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Commerce and Civilization


Tags Global EconomyPhilosophy and MethodologyPraxeologyProduction Theory

06/02/2003Mises Institute

Haydar Hussain, the third-generation owner of a butcher shop in Baghdad, isn't much interested in politics. He doesn't care whose statue appears in the public square. He didn't like Saddam but doesn't like his replacement either. He has his personal religious views, but will gladly sell to Sunni, Shiite, Christian, or Jew. In fact, his interests are not complicated. He wants to protect his property, to be free to serve others through exchange, and to otherwise be left alone.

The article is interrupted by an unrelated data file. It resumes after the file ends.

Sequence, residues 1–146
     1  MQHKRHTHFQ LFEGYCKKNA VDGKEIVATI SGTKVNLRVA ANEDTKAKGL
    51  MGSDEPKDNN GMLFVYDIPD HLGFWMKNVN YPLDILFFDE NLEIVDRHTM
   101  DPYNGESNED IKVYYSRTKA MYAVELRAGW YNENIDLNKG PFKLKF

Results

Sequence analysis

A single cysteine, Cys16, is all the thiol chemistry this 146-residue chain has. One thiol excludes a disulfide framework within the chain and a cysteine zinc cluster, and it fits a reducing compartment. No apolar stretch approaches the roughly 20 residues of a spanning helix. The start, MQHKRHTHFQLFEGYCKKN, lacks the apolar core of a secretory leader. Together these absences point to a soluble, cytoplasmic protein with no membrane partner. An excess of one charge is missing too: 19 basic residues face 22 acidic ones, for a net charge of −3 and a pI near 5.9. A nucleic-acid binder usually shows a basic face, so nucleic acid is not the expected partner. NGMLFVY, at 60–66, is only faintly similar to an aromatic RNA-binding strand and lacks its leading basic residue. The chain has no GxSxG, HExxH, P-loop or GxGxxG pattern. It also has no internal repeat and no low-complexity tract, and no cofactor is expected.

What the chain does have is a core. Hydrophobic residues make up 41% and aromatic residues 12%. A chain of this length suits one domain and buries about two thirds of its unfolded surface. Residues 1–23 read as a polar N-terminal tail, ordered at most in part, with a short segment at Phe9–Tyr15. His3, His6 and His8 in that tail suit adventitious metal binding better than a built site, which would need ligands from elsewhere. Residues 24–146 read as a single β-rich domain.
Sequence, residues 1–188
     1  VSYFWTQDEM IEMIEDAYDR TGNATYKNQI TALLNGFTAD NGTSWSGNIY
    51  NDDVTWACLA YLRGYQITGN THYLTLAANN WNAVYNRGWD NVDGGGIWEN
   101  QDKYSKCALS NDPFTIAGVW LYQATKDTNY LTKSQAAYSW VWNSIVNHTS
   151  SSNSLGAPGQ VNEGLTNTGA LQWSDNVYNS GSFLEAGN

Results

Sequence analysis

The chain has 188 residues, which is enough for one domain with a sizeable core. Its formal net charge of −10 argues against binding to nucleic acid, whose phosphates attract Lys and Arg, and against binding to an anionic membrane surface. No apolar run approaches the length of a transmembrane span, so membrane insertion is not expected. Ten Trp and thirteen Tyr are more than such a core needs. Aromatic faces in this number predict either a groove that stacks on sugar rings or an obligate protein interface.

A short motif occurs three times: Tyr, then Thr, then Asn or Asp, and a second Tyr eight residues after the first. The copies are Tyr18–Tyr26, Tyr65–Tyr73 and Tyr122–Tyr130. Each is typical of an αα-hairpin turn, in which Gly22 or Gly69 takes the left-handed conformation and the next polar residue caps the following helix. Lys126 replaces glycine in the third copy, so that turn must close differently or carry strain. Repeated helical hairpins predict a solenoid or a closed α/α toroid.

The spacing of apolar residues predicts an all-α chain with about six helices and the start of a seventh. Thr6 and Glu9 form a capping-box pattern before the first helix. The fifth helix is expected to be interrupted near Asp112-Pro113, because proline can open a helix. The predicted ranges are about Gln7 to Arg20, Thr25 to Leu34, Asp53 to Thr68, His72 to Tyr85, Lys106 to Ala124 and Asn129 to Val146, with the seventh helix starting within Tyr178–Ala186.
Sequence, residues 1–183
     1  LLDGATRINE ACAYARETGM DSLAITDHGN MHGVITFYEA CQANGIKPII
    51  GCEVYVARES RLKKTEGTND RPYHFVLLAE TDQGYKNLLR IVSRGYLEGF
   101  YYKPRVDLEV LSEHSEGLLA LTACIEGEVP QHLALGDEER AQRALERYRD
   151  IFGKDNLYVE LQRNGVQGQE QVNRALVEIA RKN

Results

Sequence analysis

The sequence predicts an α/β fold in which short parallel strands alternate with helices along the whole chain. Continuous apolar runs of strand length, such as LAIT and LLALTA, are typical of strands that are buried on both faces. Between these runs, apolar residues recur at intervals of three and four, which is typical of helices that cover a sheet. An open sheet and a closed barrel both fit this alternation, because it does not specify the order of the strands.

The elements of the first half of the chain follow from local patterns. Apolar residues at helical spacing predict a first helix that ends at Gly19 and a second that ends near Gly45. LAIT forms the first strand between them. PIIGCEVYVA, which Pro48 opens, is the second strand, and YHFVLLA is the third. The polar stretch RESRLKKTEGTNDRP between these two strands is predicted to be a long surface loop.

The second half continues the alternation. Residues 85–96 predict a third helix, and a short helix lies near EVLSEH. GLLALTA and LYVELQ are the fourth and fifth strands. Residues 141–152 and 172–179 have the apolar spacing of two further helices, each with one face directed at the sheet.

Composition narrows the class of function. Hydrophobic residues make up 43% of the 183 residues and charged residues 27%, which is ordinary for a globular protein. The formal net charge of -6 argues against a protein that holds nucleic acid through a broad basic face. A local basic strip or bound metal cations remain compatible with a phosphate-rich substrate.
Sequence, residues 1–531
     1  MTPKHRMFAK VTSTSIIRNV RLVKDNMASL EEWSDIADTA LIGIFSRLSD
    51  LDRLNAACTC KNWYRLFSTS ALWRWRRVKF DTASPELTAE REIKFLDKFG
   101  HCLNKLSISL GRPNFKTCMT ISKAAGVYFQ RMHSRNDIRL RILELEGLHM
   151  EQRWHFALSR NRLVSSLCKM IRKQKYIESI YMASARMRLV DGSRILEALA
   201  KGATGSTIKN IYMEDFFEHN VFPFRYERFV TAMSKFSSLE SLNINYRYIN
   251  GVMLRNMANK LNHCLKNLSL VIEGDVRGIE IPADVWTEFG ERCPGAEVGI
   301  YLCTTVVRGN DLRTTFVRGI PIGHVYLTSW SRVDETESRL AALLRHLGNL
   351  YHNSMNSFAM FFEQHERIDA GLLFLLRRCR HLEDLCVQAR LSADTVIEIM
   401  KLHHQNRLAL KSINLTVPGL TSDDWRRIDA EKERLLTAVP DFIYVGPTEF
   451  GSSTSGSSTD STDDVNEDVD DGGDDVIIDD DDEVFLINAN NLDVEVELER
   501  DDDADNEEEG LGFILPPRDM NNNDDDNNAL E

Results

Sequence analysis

In the days before the war, his shop was full: beef, lamb, and chicken in every cut imaginable. He did his best to work around sanctions, despotism, inflation, and a thousand other barriers that conspired against commerce. Somehow he managed, and, like thousands of other heroic merchants in that country, kept the people fed by means of trade.

After the war, he only had a bit of hamburger to sell, but his doors were open, unlike the other 95 percent of businesses that had closed for lack of products and fear of looters (official and unofficial). How did he do it? He provided his own protection and worked extremely hard. All of Iraq suffered, but slightly less so because of his efforts.

It was often said in the days after the war that Iraq had descended into a state of "anarchy," but that's not the best word to describe war between two states. Any merchant in that country will testify that the problem he faces is not lack of government but government itself: first Saddam and then those who displaced Saddam. Both represented a form of official violence and disorder that makes doing business difficult.